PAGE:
The Culture Builds Community blog is submitted (almost) weekly by The Arts Center Gallery Manager Sally Jeppson. She would love to hear your comments here or email sjeppson@jamestownarts.com.
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Gift Giving – Make Art and Avoid Stress

Handmade gifts are always more meaningful. The Arts Center is offering a series of classes to help you make your own special gifts. If you would like to take any of these classes please call 701-251-2496 or go to The Arts Center website.

Print Your Holiday Cards with Cyndi Wish 

13. Colors one and two onlyUsing relief printmaking techniques you will make two-color unique cards for the holidays (or any other kind of cards). Come with a 5” x 7” design in mind. Inks stain, so dress for a mess. We will go over how to make an edition as well as mono printing. Three Sessions: Nov. 9, 16, 23 from 5:30 – 7:30 pm. Hansen Arts Studio • $70 / $60 for members.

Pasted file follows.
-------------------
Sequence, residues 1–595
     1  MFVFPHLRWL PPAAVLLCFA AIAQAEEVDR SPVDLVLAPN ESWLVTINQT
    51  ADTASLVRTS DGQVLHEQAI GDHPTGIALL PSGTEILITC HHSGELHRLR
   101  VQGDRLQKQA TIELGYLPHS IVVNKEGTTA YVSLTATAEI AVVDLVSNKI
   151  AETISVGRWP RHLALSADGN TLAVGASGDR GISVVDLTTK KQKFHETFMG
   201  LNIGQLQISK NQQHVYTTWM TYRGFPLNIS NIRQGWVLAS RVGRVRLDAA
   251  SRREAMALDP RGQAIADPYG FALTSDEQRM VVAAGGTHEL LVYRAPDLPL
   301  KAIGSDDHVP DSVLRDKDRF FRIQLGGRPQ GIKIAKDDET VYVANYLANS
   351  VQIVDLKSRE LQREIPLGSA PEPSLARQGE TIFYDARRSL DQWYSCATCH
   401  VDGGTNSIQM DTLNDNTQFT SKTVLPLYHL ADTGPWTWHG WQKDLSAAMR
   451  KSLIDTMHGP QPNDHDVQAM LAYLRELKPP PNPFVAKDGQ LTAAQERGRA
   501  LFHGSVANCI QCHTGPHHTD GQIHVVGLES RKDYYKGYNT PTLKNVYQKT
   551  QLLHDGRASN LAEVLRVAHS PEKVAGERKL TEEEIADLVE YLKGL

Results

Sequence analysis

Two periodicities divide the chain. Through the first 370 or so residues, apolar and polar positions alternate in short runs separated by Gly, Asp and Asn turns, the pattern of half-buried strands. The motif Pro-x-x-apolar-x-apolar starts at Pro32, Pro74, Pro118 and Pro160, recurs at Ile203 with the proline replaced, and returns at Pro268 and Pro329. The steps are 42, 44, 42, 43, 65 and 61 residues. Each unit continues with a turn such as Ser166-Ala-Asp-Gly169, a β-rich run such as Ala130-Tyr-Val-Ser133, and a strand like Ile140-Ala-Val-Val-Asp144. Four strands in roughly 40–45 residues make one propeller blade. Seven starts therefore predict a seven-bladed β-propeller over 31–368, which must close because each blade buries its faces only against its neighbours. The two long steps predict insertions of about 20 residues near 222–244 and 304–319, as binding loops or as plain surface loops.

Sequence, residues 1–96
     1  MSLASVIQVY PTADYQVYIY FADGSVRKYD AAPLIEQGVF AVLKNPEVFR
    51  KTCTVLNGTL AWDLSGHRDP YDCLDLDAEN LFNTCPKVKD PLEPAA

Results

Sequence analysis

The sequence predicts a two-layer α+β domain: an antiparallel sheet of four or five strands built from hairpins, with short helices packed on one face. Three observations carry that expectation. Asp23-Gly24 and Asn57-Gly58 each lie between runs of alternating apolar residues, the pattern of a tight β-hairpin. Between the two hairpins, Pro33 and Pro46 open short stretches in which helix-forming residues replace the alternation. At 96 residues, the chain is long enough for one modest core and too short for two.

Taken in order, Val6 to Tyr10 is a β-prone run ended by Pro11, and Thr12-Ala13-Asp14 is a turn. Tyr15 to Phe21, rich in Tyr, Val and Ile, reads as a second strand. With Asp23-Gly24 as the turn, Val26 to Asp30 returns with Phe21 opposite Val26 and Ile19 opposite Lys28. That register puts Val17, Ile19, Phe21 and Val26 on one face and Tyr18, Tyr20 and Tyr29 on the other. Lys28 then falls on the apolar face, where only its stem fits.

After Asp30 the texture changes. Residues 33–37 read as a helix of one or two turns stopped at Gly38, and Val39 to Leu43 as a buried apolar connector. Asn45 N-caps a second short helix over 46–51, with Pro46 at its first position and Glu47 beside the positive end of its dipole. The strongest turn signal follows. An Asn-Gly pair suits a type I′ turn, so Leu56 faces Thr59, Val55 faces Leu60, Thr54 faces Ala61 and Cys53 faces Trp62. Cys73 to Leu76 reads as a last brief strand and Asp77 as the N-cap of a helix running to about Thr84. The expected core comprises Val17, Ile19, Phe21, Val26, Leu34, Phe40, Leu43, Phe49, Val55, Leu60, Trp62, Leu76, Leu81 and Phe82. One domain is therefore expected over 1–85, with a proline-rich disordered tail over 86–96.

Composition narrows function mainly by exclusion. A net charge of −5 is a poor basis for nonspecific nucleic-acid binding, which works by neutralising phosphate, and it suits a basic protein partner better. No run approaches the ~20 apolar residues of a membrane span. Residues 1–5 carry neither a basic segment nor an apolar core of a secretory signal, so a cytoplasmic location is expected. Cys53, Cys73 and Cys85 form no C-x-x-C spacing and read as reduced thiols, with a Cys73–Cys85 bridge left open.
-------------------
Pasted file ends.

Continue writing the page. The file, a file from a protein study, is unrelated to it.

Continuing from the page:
Crochet with Tracy Middaugh

crochet-flowers-small1Students will learn how to read a crochet pattern, basic stitches/abbreviations, chart reading, and symbols. Students will have the opportunity to complete five separate projects that can be used in their home or would also make beautiful gifts. Students are asked to pick up a supply list and provide their own materials. Five Sessions: Thursdays, Nov. 5, 12, 19 & Dec. 3 & 10 from 6:00 – 9:00 pm. Hansen Arts Studio • $80 / $70 for members.

IMG_4572Jewelry Making with Matt Swearingen

This workshop is a great introduction into the wonderful world of beads! Students will learn about beads, bindings and how to use beading tools. Students will then apply this knowledge to complete a necklace or bracelet that they can wear home or use as a gift. Beginners welcome, 18 years and older, all materials provided. Friday, Nov. 20 from 5:30 – 7:30 pm. Hansen Arts Studio • $20 / $10 for members.